• Defender scores against Barnsley after one day of training
• Tykes manager David Flitcroft tips rivals as contenders
The saying is that success breeds success. The hope for Wigan is that promotions breed promotion. Their latest addition is a case in point. Owen Coyle noted Leon Barnett's humility and popularity but homed in on his CV. "It helps that he has won promotion to the Premier League three times," the new manager said.
Whereas Wigan were once endearingly unorthodox, from Roberto Martínez's leftfield tactics to their belief they could extricate themselves from danger with a late run every year, the recruitment drive at the DW Stadium has now been focused on the tried and trusted.
Coyle's Burnley side bade farewell to the Championship in 2009; the men he has drafted in have gone up to the top flight seven times between them. Wigan, it seems, have read the handbook on winning promotion and concluded there is no substitute for experience.
Barnett's status as a second-tier talisman dates back to his days at West Bromwich Albion, Norwich and Cardiff. Satisfactorily as seasons have ended at his former clubs, they have never begun as spectacularly for the centre-back. After two days and a solitary training session as a Wigan player, he helped keep a clean sheet and scored in a display that was particularly galling for his long-term suitors, Barnsley.
"It's ridiculous," said his former Norwich team-mate Grant Holt, another to mark his debut with a goal. "Leon hasn't had one minute of football in pre-season. To put in a performance like that is fantastic. He's a pure defender, brilliant in the air."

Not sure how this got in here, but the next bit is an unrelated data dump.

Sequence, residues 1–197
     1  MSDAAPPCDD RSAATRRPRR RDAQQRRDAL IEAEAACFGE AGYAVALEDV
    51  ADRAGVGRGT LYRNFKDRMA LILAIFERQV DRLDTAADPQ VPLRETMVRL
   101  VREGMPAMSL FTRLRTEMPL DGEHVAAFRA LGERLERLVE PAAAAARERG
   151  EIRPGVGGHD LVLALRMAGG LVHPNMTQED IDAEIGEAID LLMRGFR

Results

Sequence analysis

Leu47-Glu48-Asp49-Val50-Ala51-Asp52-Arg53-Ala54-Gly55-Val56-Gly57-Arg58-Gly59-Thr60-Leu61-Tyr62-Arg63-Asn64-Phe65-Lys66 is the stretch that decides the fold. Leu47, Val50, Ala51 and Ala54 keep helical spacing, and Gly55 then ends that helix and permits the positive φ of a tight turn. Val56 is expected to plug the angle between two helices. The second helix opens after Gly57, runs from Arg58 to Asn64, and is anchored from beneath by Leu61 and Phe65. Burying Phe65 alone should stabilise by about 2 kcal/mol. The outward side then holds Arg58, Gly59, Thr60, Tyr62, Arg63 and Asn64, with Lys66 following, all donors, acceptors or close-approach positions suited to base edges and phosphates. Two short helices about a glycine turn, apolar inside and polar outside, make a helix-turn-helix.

Whereas Martínez's team were known more for their technique than their physique, Holt's aerial ability explains his own arrival. "There's no doubt Grant Holt will score goals but he is more than that," Coyle added. "He leads the line." Perhaps his other attributes blinded the bookmakers to Holt's goalscoring record. Despite scoring 78 goals in four seasons for Norwich, he was not among the favourites to top-score in the Championship. Nor, indeed, do Wigan rank among the most-fancied teams.
Not that Holt is concerned. "When we went up with Norwich, I don't think anyone gave us a chance. We were 33-1 or something." Wigan are not such rank outsiders; indeed as FA Cup winners they represent a prized scalp. "It's hard when you've got a reputation and they want to beat you and ram it down your throat," Holt added. "We weathered it, kicked on and our quality showed."
If Holt is the battering ram, the defter touches came from remnants of their Premier League side. Both wingers, Shaun Maloney and Jean Beausejour, flourished, along with the central trio of Ben Watson, James McArthur and James McCarthy. "The midfield three will be as good as anything in this league," said the Barnsley manager, David Flitcroft. "They completely bossed the game."
He believes Athletic could make a swift return to the Premier League. "I have witnessed something quite strong and powerful," Flitcroft added. "I think Wigan will be up there." And for their contingent of experts at elevating clubs into the top flight, that will be a familiar feeling.
Man of the match Ben Watson (Wigan)